It seems to be common invoke Laws in place of actual facts when trying to support a point. Here's two recent ones I've encountered with some Agile and #NoEstimates advocates. Two of my favorite are:
- Goodhart's Law
- Hofstadter's law
These are not Laws in the same way as the Laws of Physics, Laws of Chemistry, Laws of Queuing theory - which is why it's so easy to misapply them, misuse them, use them to obviscate the situation and hide behind fancy terms which have no meaning to the problem at hand. Here's some real laws.
- Newton's Law(s), there are three of them:
- First law: When viewed in an inertial reference frame, an object either remains at rest or continues to move at a constant velocity, unless acted upon by a net force.
- Second law: In an inertial reference frame, the vector sum of the forces F on an object is equal to the mass m of that object multiplied by the acceleration vector a of the object: F = ma.
- Third law: When one body exerts a force on a second body, the second body simultaneously exerts a force equal in magnitude and opposite in direction on the first body.
- Boyle's Law - For a fixed mass of gas at constant temperature, the volume is inversely proportional to the pressure. pv = Constant.
- Charle's Laws - For a fixed mass of gas at constant pressure, the volume is directly proportional to the kelvin temperature. V = Constant x T
- 2nd Law of Thermodynamics states that the total entropy of an isolated system always increases over time, or remains constant in ideal cases where the system is in a steady state or undergoing a reversible process. The increase in entropy accounts for the irreversibility of natural processes, and the asymmetry between future and past.
- Little's Law - which is l = λw, which asserts that the time average number of customers in a queueing system, l, is equal to the rate at which customers arrive and enter the system, λ, times the average sojourn time of a customer, w. And just to be clear the statistics of the processes in Little's Law are IID - Independent, Identicially Distribution and Stationary. Rarely the case in software development, where Little's Law is misused often.
Misuse of Goodhart's Law
This post, like many of other posts, was stimulated by a conversation on social media. Sometimes the conversations trigger ideas that have laid dormant for awhile. Sometimes, I get a new idea from a word or a phrase. But most of the time, they come from a post that was either wrong, misinformed, or worse misrepresenting no principles.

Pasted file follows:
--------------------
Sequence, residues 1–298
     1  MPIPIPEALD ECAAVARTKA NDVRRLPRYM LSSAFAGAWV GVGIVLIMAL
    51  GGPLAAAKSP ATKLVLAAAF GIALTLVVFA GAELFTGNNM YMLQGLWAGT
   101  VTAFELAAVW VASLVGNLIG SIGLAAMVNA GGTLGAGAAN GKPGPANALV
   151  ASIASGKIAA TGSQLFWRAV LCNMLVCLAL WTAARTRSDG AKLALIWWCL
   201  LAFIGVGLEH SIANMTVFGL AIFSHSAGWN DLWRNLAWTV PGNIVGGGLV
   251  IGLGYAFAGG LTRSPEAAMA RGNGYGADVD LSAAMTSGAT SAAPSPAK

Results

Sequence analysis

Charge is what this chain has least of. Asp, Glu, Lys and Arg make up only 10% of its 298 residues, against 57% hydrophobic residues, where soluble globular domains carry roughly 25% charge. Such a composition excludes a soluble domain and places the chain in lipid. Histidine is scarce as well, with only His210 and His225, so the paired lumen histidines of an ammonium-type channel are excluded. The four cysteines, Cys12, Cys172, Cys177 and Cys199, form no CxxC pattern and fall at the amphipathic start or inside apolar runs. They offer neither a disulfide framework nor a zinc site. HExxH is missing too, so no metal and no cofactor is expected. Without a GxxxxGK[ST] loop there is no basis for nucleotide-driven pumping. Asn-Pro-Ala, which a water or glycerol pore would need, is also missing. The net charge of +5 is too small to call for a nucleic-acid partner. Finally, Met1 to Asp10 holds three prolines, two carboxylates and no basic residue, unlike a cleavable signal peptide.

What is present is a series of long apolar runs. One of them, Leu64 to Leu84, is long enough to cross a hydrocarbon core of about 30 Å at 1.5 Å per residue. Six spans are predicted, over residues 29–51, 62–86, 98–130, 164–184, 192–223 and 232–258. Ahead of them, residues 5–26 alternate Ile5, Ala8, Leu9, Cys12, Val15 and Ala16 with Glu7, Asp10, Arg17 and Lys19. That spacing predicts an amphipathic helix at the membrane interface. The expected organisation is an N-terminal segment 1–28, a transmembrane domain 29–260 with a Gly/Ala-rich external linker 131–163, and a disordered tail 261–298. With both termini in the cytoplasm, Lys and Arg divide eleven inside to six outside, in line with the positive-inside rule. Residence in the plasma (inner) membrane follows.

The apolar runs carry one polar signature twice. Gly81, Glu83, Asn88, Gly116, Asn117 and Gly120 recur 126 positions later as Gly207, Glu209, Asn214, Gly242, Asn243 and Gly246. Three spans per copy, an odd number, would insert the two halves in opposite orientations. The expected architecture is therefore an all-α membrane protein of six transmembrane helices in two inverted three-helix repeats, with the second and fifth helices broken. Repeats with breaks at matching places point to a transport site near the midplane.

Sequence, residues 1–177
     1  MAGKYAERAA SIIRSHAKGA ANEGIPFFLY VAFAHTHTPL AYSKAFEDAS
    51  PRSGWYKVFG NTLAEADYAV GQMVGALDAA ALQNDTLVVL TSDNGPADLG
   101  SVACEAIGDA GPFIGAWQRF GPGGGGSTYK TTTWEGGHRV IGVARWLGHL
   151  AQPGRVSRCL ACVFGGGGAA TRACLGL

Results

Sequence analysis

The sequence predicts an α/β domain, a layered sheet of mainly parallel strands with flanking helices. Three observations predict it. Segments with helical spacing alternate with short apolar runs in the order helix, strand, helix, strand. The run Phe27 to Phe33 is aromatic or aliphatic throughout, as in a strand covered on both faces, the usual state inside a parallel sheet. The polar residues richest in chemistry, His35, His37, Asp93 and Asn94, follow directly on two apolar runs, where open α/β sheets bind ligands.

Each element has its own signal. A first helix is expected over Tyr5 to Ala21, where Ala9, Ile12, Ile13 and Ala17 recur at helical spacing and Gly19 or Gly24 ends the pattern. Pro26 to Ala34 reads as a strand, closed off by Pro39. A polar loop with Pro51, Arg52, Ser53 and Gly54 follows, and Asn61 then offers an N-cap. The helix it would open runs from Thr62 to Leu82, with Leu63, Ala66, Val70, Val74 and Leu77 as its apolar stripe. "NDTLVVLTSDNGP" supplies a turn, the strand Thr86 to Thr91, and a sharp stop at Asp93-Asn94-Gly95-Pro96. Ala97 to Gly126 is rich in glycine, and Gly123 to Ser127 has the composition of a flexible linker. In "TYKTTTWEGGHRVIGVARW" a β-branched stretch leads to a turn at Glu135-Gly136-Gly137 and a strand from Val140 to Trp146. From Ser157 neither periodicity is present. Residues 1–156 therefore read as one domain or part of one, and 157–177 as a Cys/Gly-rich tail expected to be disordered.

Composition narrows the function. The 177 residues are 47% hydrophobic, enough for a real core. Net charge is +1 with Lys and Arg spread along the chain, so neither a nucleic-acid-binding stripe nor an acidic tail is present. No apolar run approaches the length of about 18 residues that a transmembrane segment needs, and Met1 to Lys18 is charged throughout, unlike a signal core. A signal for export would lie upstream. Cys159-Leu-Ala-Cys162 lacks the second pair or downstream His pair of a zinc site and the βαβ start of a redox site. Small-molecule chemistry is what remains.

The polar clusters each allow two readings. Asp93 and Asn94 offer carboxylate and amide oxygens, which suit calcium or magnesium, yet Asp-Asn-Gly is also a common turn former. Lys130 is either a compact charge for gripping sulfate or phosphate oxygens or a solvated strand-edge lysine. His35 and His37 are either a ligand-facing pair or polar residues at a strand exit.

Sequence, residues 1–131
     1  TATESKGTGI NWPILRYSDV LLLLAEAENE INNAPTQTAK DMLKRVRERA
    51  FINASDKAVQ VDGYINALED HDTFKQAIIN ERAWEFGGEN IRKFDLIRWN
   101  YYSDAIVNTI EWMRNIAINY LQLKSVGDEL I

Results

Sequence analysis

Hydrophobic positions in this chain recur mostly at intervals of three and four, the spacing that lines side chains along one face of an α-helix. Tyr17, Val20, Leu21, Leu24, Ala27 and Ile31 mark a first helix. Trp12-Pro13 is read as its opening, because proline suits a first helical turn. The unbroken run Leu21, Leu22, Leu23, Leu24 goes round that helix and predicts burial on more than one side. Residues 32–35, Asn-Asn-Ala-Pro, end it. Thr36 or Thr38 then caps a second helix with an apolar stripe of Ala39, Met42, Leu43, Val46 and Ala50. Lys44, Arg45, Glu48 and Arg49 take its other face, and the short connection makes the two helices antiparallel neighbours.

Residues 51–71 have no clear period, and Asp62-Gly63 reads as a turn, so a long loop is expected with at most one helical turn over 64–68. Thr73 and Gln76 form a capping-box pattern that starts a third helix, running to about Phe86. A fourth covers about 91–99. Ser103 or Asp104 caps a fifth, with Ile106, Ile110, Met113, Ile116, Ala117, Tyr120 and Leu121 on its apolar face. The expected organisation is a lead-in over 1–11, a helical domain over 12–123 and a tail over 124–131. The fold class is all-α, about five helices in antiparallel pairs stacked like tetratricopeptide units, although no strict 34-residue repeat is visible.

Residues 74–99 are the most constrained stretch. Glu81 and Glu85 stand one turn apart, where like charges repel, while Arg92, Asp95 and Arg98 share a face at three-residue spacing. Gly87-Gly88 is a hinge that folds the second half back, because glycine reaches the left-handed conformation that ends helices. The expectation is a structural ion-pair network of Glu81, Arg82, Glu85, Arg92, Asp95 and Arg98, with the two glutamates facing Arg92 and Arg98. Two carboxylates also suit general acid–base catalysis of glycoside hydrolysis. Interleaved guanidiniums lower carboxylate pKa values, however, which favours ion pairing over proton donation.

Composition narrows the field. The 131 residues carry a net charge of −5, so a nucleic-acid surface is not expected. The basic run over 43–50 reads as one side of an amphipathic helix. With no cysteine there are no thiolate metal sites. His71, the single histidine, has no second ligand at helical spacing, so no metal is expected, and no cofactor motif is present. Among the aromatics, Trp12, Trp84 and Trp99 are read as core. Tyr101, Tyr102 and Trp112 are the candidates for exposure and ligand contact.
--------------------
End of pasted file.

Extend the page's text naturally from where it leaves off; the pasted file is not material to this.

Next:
The OP claimed Goodhart's Law was the source of most of the problems with software development. See the law below.
But the real issue with invoking Goodhart's Law has several dimensions, using Goodhart's Law named after the economist who originated it, Charles Goodhart. Its most popular formulation is: "When a measure becomes a target, it ceases to be a good measure." This law is part of a broader discussion of making policy decision on macro economic models.
Given that the structure of an econometric model consists of optimal decision rules of economic agents, and that optimal decision rules vary systematically with changes in the structure of series relevant to the decision maker, it follows that any change in policy will systematically alter the structure of econometric models.
What this says is again when the measure becomes the target, that target impacts the measure, changing the target.
So first a big question
Is this macroeconomic model a correct operational model for software development processes - measuring changes the target?
Setting targets and measuring performance against that target is the basis of all closed loop control systems used to manage projects. In our domain this control system is the Risk Adjusted Earned Value Management System (EVMS). EVM is a project management technique for measuring project performance and progress in an objective manner. A baseline of the planned value is established, work is performed, physical percent complete is measured, and the earned value is calculated. This process provides actionable information about the performance of the project using Quantifiable Backup Data (QBD) for the expected outcomes of the work, for the expected cost, at the expected time all adjusted for the reducible and irreducible uncertanties of the work.